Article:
Is my employer allowed to change my status from hourly to salary to avoid paying overtime hours?

UPDATED: Sep 30, 2022

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Is my employer allowed to change my status from hourly to salary to avoid paying overtime hours?

I am paid every other week. After working 19hours of overtime in a 2 week period, I was only paid for 40 hours per week. I was previously paid salary but my employer changed my position to hourly before the Thanksgiving holiday. Therefore, I did not receive pay for any holidays the shop was closed. After the holiday, I worked 19 hours of overtime in a 2 week pay period. I was only paid for 80 hours of regular time pay. I was not given any compensation for the 19 hours worked, via regular hourly or overtime pay. My employer did not inform me that he had or was planning to change my status from hourly. Is it legal for him to do this or can I take action against him?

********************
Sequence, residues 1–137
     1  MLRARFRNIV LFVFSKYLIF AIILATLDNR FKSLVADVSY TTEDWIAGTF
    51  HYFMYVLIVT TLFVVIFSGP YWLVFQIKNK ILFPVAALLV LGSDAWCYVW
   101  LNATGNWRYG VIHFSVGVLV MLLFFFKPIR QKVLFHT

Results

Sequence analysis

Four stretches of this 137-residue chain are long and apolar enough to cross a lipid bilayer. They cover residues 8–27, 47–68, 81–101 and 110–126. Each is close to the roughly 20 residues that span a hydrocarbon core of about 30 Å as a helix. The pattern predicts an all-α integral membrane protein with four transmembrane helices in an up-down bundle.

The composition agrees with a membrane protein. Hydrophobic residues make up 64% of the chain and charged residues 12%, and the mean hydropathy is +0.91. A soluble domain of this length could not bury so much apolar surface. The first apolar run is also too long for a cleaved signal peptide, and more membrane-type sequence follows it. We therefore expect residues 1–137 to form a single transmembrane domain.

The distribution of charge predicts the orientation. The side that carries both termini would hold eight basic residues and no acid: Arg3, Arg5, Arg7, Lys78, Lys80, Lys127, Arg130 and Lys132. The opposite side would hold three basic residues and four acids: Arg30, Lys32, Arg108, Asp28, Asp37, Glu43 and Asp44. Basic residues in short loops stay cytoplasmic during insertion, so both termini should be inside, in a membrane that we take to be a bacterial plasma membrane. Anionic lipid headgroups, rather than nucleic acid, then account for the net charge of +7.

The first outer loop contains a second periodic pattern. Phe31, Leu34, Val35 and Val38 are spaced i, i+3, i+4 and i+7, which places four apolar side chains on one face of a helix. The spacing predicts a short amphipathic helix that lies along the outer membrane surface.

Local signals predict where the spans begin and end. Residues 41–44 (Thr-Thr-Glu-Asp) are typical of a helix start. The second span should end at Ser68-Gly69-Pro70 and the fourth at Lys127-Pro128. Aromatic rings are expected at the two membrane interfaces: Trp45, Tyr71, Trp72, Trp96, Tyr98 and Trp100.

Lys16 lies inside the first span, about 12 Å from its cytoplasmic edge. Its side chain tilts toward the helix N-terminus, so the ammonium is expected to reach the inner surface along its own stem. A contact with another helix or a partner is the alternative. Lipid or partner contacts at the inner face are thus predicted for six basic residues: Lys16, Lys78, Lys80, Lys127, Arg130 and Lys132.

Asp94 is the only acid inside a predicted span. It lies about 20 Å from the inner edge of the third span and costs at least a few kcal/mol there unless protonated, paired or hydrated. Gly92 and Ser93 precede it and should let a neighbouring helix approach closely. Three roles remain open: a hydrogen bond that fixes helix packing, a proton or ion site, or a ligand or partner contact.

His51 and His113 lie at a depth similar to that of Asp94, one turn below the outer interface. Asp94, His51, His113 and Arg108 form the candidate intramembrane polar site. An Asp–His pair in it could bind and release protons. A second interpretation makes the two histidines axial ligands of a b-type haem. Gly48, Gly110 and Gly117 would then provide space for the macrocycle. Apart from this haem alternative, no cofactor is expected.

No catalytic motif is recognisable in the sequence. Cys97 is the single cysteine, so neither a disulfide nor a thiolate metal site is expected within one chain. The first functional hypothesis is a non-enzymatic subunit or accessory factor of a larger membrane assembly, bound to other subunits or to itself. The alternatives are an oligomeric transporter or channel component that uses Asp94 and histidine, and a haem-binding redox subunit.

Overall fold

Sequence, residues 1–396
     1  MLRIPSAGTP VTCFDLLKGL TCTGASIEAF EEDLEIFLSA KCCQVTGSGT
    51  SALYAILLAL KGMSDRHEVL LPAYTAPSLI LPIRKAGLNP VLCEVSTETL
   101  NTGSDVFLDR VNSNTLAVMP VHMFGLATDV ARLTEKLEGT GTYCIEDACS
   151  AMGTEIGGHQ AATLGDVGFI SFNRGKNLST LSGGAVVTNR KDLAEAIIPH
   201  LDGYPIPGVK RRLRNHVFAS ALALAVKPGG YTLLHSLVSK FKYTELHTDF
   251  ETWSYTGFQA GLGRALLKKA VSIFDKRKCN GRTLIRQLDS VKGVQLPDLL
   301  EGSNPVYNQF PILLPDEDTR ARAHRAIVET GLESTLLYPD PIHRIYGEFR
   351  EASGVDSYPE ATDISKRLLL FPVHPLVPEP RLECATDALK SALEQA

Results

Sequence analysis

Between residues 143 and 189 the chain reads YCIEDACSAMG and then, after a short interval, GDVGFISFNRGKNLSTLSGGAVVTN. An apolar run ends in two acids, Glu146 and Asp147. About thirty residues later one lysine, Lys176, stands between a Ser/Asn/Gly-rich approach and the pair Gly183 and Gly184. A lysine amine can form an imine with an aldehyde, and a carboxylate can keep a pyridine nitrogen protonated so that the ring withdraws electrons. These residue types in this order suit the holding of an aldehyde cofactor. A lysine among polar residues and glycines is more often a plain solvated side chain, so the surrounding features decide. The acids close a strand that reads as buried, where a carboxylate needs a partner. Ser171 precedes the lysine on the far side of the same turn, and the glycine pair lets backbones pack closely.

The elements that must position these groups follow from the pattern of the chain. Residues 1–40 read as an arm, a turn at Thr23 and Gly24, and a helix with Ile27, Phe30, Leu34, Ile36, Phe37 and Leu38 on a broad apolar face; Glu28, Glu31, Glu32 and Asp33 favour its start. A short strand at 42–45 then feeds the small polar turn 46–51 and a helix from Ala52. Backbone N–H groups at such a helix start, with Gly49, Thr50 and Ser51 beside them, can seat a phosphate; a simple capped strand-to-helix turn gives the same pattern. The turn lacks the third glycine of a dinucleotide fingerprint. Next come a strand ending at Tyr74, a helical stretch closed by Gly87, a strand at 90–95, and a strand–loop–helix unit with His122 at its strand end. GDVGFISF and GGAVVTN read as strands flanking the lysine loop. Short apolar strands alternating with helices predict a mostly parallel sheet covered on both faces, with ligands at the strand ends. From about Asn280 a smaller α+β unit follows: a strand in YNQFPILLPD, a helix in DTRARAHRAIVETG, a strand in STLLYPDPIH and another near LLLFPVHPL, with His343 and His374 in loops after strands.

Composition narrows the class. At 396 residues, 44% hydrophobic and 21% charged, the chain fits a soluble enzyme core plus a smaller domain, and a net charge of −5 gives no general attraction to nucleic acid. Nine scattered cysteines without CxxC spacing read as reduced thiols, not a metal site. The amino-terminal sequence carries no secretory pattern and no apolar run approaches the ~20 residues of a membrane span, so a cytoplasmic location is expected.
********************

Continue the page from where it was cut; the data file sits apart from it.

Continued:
Asked on December 26, 2016 under Employment Labor Law, Texas


SJZ, Member, New York Bar / FreeAdvice Contributing Attorney

Answered 6 years ago | Contributor

Your employer can change your status at will (unless you have a written employment contract guarantying it), but only going forward--from when you are told of the change and after--not retroactively, for work already done. So if in weeks 1 & 2, you were hourly and worked 19 hours overtime, then the employer changed you to salary at the start of week 3, you had to be paid on an hourly basis, including overtime, for weeks 1 & 2. If the employer retroactively changes your status to avoid overtime for work already done, it has violated labor law (e.g. the Fair Labor Standards Act) and commited breach of contract (violation of the oral agreement, which can be changed at will by the employer, but only *after* notice, under which you had already done the work in exchange for an hourly wage). You could potentially contact the state or federal Dept. of Labor to file a complaint, and/or possibly sue (e.g. in small claims court) for the money.

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